No surprises

EBM looks at the environmental aspects of this year's Budget, and finds a lack of imagination or concrete action

Chancellor Gordon Brown can perhaps be excused the lack of focus on the environment in his seventh Budget, considering global economic and political conditions.

However, despite economic secretary John Healey’s claim that “this Budget underlines the government’s commitment to sustainable development”, the defining characteristic of chapter seven, Protecting the Environment, is its conservative nature.

Climate Change Levy

For once, even the CBI was happy. Director-general Digby Jones said: “The Chancellor has at last started to restore his business-friendly credentials”. The CBI – always critical of environmental taxation, welcomed the freeze on Levy rates. Jones was convinced business will be “relieved to see no increase” in what he said “ranks highly on the list of damaging business taxes”.

Damaging, but effective – the CBI cited DEFRA figures on the success of negotiated agreements to call for an extension of the discount scheme to further sectors.


Promoting energy efficiency is central to government policy for cutting CO2 emissions, but once again it seems to have fallen victim to government’s instinct that only size matters.

The Energy Saving Trust’s EST chief executive, Philip Sellwood, found the Budget disappointing for household energy efficiency. “Government has missed an opportunity to cut carbon emissions and bills for consumers through reducing VAT on energy-efficiency products,” he said.

For businesses, the news was a little better, with proposals to add eight further technologies to the Enhanced Capital Allowances scheme. Assuming State Aids approval, industry can expect automatic monitoring and targeting equipment; biomass boilers; refrigerant dryer controllers; ultrasonic leak detectors; free-cooling forced air pre-coolers; refrigerated commercial service cabinets; and cellar cooling and packaged chillers to join the list.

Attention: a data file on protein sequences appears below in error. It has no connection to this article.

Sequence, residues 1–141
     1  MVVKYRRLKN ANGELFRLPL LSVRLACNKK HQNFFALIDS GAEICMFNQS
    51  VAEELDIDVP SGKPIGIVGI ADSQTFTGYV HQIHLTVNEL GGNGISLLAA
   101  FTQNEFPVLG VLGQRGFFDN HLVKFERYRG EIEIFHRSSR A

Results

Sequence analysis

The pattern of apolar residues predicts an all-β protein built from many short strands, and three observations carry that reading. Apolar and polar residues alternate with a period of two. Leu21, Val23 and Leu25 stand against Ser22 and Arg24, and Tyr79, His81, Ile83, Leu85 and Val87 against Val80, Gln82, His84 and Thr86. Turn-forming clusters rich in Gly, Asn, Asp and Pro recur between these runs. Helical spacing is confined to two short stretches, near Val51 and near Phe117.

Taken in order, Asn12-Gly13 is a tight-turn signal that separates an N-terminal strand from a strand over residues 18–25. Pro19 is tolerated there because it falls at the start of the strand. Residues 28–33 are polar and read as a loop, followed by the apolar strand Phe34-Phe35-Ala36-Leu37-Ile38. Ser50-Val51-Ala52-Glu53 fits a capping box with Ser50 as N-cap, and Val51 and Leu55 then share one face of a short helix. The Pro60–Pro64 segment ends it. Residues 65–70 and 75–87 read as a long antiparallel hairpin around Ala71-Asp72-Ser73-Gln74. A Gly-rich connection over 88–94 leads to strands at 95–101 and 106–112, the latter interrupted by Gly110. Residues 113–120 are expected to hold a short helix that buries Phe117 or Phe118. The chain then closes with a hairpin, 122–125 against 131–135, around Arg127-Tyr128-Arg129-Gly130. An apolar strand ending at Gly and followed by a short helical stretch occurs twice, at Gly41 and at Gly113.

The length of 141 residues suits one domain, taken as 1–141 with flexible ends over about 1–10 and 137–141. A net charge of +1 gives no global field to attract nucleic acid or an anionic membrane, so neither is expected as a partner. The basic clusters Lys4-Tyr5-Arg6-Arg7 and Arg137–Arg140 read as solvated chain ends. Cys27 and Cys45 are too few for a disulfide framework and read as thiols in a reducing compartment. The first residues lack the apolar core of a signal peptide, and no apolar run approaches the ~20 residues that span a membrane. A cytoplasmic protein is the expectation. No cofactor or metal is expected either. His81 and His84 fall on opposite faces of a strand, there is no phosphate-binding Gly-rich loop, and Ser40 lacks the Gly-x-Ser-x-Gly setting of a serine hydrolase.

The transport sector saw a number of moves in the right direction, although for some the steps didn’t go far enough. Biofuel company Greenergy has been lobbying for a further fiscal incentive for biodiesel, which it didn’t get.

Tamara Earley, managing director of Greenergy Fuels, said: “We do not believe [the 20p/litre incentive on bioethanol] will be enough to stimulate large-scale production.”

There were however a number of minor duty rate changes and adjustment to the company car tax scheme.


While the expected rise in the Landfill Tax – to £15/t on 1 April 2004, and then by £3/year from 2005 to a long-term rate of £35/t was confirmed, perhaps the most important announcement is the planned reform of the Waste Minimisation and Recycling Fund.

The fund will become a local authority Waste Management Performance Fund, and will provide “non-ring-fenced incentives for local authorities to deliver a step-change in sustainable waste performance for all households.

However, detail of the start date, value of the fund, and operational issues have yet to be resolved and will follow further consultation with local government stakeholders.

Hopefully the next time the Budget comes around, UK business will be riding a wave of economic recovery in a more peaceful world, and the government will be less cautious of environmental taxation.

If so, it might be easier to judge whether Healey’s statement that “the government is committed to tackling environmental problems by ensuring the polluter pays and introducing new incentives for more environmentally-friendly” is more than simply rhetoric.

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